Monday, March 15, 2010

Wimping out with a whimper

Another season draws to a close and I find it hard to believe I never wet a line in the Trent once. I was tempted to make the journey for the final day, but ended up locally trying for one final barbel to round off my best season on the river.

With four cars in the car park there could have been eight anglers on the stretch so I thought it wise to take a walk before dragging my gear along the bank. Within a short distance I could see three fishing, so there's be plenty of room for me to squeeze in somewhere. I retraced my steps and loaded myself up. I'd soon passed three more anglers and the swim I was hopping to fish was free.

It was another fine sunny afternoon, although the north-westerly was cool again - but not as cool as it had been of late, the sun is warming up. If anything the river was a midge's lower than on Friday, it was over a degree warmer at 6.7c. For some reason this rise didn't boost my confidence. Had I been on the Trent with that reading I'd have been well happy with anything over 6, but on the Ribble I prefer a reading over 7 - even though I had caught on Friday with it lower. A strange thing confidence. The fact that the temperature was holding steady did nothing to brighten my mood.

Reasoning that the maggots had produced a couple of bites on friday I cast out a boilie on the upstream rod and rigged the other up to fish a large feeder with four maggots on a size ten to more suitable line for barbel than I had on the tip rod. It's never worked in the past, but you never know!

It'll work one day

Every now and then the wind would appear to drop. I think it was just swinging to a direction where it was deflected by the high bank on the opposite side of the river as I could still hear it roaring through the trees. When it did drop things warmed up in the sun. The rods remained motionless.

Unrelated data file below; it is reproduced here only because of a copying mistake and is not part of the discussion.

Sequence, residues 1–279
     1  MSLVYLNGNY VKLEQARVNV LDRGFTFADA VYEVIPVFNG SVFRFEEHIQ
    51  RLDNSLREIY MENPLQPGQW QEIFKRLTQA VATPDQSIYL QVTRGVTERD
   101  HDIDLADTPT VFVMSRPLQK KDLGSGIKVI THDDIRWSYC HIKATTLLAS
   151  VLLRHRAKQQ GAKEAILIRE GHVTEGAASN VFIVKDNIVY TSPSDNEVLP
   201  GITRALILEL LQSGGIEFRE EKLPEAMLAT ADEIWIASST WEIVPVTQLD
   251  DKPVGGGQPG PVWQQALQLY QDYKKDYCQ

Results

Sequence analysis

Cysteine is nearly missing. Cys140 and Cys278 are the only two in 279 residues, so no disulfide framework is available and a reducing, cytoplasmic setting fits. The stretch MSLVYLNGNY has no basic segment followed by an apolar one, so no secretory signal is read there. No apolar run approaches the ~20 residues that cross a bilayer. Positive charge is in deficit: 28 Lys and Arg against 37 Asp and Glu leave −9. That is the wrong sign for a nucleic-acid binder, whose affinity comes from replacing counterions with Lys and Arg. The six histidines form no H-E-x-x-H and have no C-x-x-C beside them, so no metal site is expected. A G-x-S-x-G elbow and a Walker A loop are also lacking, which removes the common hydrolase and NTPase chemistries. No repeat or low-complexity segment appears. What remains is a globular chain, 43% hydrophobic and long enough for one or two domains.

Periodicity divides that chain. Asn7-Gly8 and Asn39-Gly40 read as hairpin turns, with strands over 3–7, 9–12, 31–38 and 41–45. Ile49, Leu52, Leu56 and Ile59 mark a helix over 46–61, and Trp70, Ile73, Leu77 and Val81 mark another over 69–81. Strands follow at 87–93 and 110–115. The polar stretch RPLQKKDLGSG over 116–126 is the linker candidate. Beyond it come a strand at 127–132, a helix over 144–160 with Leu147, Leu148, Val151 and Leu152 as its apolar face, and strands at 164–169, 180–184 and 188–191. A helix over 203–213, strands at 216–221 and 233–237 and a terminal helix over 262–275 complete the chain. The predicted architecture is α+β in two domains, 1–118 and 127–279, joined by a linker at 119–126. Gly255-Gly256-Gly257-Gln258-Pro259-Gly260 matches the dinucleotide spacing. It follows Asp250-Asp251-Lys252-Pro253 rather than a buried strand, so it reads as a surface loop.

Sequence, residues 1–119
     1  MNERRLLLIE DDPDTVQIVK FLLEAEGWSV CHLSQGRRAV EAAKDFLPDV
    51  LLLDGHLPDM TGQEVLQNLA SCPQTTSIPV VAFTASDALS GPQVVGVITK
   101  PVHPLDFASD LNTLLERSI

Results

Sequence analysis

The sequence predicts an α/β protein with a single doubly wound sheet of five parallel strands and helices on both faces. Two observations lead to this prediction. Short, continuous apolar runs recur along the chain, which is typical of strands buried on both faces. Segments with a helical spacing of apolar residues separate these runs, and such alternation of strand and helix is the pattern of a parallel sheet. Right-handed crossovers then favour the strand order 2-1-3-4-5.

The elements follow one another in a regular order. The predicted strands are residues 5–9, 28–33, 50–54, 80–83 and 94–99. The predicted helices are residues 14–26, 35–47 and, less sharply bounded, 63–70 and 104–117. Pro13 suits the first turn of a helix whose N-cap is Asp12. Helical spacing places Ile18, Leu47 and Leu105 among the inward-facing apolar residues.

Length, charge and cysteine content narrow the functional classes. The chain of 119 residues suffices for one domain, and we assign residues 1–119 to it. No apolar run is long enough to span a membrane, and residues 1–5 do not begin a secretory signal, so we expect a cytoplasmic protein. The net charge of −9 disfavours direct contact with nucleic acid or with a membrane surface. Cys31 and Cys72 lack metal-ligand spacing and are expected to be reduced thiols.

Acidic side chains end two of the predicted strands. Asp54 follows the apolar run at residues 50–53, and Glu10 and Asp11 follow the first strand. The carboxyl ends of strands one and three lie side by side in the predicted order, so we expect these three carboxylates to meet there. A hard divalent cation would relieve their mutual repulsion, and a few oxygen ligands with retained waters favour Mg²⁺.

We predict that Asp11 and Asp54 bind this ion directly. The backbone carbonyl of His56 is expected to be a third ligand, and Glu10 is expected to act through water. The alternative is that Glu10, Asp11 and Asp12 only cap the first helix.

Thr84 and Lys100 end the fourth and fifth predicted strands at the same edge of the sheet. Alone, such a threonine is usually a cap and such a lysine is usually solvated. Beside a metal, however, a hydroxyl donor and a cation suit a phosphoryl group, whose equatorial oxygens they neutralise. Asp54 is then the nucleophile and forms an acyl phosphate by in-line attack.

On winding in the maggots for a recast one had been nipped. Not a full blooded chub-crush, just the very tip. I shortened the clear mono hooklength from three feet to eighteen inches. On the next recast two maggots had been nipped. I was tempted to break out the quiver tip rod and try for whatever was doing the nipping, but I was there to catch barbel. So I didn't.

Towards dark the wind really did ease off. Only intermittent though. From dusk onwards the breeze would spring up and die off. Cloud cover moved in so it was remaining mild. After darkness proper arrived I swapped the maggot rig, the maggots again having been nipped, for a S-pellet. The rods remained motionless.

A few small fish had topped on dark, and a few more fish splashed in darkness - probably sea trout by the sound of them. It had been a quiet afternoon. Not much in the way of wildlife activity, save for a buzzard being mobbed by three crows. The bankside vegetation didn't seem as far advanced as in years past on the final day of the river season. The nettles and other annuals were just poking their heads through the soil whereas last year they were an inch or two high during the season's final week.

Seeking the sun

By eight I was getting the feeling that it was all over. I moved the pellet rod upstream then admitted defeat with two and a half hours of the season remaining. The first time for a few years the final day has been a blank for me. Not unexpected given the conditions. Barbel had been caught, but not many.

I think it was a case of dropping a bait on a barbel's nose or waiting for one to slowly sidle up to your bait. I'd been leaving my baits in place for at least an hour and keeping the feed (small bags of small pellets) to a minimum. Had I been fishing a smaller river where fish holding spots were tighter then moving and fishing each spot for a half hour would have been an option. On a river where fish holding spots can be large but far apart then I prefer to throw all my egs in one basket and try to work one all session. This time it didn't pay off.